September 8, 2009 in Business

Workers struggle with job insecurity

Many people are afraid to say no to longer hours, extra work or pay cuts
Randy Cordova Arizona Republic

As companies continue to lay off employees, enforce furloughs and cut pay, workers are becoming more nervous about their jobs. They are putting in more hours (often without pay), writing reports while on vacation and sometimes even checking e-mail and making calls while on furlough.

Our new economy is creating a new American worker – one willing to make sacrifices unheard of a few years ago and eager to take on new tasks created when colleagues were laid off.

“Layoffs have been pervasive,” said Ellen Galinsky, president and founder of the Families and Work Institute, a nonprofit research group that studies the changing workplace and how it affects families. “There are fewer people to do the same amount of work or even more work, so it means working more hours.”

Statistics show that employees are losing financial ground despite working harder.

The Bureau of Labor Statistics reported in September that work force productivity in the second quarter increased 6.6 percent while the average number of paid hours employees worked fell 7.6 percent. Hourly compensation also fell a little more than 1 percent, suggesting that people are working harder but earning less money.

Last month, the national unemployment rate reached 9.7 percent, a 26-year high, and the economy shed 216,000 jobs. President Barack Obama said he believes unemployment will reach 10 percent before going down, meaning we still have some rough times ahead.

And in a climate in which people are worried about making ends meet, they may be putting in extra hours without balking.

“People are fearful,” said Deborah House, who handles sales and recruiting operations for Technisource in Arizona and Utah, a recruiting and staffing company. “They are afraid to say no, even when it is probably OK to say no. They see their friends and family and co-workers out of a job, and they don’t want to be in that position.”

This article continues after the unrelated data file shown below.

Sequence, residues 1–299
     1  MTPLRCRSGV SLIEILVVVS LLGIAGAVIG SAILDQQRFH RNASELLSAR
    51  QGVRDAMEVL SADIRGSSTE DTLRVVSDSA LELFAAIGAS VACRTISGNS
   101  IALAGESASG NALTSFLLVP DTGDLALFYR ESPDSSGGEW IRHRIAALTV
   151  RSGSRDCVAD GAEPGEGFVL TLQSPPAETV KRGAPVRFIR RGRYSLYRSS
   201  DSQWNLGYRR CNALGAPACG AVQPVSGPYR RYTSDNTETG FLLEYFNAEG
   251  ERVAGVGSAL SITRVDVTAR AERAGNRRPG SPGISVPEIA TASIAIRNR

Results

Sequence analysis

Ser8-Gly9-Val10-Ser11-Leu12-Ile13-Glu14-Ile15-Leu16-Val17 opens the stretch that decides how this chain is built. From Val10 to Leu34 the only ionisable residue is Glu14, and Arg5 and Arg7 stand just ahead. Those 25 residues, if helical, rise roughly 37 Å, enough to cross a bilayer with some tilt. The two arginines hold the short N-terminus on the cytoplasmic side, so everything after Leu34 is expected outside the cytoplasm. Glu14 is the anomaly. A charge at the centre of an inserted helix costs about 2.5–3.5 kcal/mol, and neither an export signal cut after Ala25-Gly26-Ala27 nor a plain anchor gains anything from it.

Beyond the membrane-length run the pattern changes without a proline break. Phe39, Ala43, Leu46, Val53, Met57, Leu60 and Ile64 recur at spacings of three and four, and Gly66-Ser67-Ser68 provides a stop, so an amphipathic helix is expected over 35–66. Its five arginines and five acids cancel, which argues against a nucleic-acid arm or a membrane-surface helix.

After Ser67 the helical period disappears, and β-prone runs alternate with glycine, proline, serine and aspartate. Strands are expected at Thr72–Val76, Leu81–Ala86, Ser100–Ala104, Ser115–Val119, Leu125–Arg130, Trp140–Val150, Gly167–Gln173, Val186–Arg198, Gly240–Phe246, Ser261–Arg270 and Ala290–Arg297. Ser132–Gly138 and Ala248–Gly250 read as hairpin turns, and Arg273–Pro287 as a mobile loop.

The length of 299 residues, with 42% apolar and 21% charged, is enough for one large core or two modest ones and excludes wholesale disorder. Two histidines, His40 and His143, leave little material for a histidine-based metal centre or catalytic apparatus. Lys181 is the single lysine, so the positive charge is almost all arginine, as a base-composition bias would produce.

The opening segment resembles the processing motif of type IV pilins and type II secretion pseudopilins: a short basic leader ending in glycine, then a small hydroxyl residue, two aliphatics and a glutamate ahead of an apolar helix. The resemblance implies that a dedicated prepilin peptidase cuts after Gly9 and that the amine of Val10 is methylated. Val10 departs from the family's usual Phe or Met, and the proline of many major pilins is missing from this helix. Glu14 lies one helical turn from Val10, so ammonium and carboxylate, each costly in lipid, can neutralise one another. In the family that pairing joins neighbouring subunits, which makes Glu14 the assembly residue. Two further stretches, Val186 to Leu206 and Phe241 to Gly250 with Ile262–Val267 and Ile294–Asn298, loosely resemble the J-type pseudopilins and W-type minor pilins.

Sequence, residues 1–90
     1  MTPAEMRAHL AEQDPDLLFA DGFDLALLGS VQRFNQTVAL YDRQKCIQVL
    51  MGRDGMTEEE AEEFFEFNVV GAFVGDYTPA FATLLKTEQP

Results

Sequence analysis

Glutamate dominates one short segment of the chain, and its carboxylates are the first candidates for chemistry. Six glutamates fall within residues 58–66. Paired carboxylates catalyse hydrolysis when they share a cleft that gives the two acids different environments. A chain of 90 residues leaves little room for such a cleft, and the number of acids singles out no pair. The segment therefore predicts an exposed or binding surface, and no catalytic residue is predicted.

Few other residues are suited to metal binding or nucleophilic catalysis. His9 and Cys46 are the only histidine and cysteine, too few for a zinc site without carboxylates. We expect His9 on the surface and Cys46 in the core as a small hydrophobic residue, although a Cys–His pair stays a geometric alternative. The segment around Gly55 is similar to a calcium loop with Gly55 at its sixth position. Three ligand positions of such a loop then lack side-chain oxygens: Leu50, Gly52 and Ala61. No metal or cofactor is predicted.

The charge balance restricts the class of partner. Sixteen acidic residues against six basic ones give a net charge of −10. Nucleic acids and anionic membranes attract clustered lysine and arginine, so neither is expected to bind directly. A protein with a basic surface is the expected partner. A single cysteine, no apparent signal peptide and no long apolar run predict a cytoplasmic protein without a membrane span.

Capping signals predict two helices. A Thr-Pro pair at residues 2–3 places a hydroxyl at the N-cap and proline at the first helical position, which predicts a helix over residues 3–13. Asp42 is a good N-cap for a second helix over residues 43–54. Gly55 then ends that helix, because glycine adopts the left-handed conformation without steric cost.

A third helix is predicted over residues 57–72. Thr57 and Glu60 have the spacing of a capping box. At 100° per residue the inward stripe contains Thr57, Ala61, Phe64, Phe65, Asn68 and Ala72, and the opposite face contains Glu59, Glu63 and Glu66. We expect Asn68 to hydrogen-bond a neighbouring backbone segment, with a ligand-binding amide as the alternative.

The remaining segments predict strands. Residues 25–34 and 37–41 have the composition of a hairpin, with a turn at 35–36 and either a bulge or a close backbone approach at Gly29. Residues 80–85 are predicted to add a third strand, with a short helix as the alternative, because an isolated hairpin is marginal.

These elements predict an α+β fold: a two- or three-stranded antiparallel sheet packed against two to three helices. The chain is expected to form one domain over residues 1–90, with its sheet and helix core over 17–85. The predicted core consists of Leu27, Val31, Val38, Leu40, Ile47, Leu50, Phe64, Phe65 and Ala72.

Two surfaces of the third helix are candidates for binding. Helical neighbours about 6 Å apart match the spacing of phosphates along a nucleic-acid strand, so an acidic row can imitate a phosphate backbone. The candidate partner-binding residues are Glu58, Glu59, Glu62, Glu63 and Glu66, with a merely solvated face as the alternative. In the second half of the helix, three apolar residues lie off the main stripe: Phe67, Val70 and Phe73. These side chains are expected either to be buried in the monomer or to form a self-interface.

But House does see the job world returning to what we once thought of as normal: “Most organizations cannot run as lean as they are today. This will not be the norm.”

When the economy was healthier, incentives such as bonuses and raises helped to keep employees motivated. But as businesses cut back on spending, they may not offer such financial encouragement.

“When employees do more (and additional compensation isn’t an option), companies run the risk of losing the relationship with the employee,” said Tom Gearty, who works as the southwest area manager for Administaff, a human-resources company. “Companies have to reward their employees.”

That is the philosophy at I Love Rewards, a company with offices in New York and Toronto that helps businesses create motivational programs to keep employees relatively happy during lean times. Razor Suleman, founder and CEO of the company, said he uses such programs at his business to keep workers satisfied.

“People are working harder, unquestionably,” Suleman said. “We try to empower the employee so they feel fulfilled and recognized. Your employees lose faith in you if you have different values depending on the economic weather.”

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